Chemical Physics at the University of Sydney

Exciton and charge transport in photosynthesis

Image: Joanne Kim / freeimages

Photosynthetic organisms harvest light using large antenna complexes containing many chlorophyll molecules. The energy harvested by the antennas is then transported to the reaction centres, where it drives the first chemical steps of photosynthesis. Recent experiments have suggested that, surprisingly, the excitation energy can be transported in a partially coherent, wavelike manner. It was previously doubted that quantum effects could survive for so long in biological systems at room temperature.

We have shown that many of the quantum effects observed in photosynthetic complexes are artefacts of the ultrafast laser excitation and are not relevant for biological function in incoherent sunlight. As a consequence, the complete description of energy transport in incoherent light is dramatically simplified, allowing us to rapidly screen hypothetical scenarios to determine whether natural light-harvesting architectures are already optimal or whether they could be improved.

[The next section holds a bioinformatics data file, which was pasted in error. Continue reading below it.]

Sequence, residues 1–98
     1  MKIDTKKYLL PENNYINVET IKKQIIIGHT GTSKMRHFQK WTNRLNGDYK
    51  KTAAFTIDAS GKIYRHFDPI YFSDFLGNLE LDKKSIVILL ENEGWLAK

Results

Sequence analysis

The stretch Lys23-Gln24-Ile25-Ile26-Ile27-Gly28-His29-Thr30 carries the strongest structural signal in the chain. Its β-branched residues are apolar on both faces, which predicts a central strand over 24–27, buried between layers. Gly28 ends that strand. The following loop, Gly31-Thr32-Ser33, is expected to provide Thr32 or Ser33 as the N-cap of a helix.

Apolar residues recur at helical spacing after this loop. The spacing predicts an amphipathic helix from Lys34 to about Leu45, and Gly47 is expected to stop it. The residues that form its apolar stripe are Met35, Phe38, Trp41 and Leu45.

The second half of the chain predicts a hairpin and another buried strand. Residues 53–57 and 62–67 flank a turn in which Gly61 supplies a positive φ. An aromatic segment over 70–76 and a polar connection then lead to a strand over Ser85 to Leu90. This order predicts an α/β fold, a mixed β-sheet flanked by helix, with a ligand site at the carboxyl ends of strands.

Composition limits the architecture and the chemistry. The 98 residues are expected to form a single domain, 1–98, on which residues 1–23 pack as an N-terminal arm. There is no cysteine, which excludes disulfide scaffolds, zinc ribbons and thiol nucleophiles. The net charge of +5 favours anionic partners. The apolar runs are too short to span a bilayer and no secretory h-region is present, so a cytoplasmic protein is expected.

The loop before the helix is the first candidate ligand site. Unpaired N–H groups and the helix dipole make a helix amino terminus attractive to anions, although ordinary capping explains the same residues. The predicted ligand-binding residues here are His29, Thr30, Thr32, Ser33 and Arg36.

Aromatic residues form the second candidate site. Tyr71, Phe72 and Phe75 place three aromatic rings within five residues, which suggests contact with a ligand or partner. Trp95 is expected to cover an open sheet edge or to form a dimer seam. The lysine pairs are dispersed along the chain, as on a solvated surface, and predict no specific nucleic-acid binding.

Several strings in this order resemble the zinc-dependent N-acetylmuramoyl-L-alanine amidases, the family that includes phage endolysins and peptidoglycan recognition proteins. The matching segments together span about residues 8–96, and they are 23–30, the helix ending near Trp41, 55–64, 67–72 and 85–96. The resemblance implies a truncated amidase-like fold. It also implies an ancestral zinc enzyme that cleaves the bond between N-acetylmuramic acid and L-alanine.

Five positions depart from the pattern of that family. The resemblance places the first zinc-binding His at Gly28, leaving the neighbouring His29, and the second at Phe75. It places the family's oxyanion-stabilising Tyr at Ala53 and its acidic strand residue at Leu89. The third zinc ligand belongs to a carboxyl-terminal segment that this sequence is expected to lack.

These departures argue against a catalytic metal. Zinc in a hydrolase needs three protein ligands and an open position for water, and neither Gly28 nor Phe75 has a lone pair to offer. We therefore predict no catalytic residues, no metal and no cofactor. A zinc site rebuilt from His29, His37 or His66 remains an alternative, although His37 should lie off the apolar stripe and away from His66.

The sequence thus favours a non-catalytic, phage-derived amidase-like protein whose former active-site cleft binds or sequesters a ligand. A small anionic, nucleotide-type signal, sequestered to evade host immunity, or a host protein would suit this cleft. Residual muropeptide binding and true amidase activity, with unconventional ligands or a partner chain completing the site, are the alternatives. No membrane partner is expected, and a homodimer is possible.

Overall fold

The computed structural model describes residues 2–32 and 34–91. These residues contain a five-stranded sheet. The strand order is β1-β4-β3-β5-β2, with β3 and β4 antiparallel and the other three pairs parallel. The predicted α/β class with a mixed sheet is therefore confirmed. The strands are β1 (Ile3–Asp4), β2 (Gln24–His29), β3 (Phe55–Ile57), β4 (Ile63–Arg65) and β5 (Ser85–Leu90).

Through the screening studies, we identified several quantum effects that are important even in incoherent light. In particular, we reported the most statistically significant quantum enhancement in a photosynthetic complex, showing that the light-harvesting apparatus of purple bacteria is more than five standard deviations more efficient than would be expected by chance alone, and that the enhancement is largely due to supertransfer, a cooperative enhancement of energy transfer due to coherent delocalisation.

We have also analysed the performance of reaction centres to understand why their dimeric structures—and, especially, the strongly coupled special pair—have been conserved for several billion years. We found that the most probable explanation for the dimerism is that it arose because it deepened the excitonic trap, possibly leading to considerable improvements in reaction-centre efficiency.

Selected papers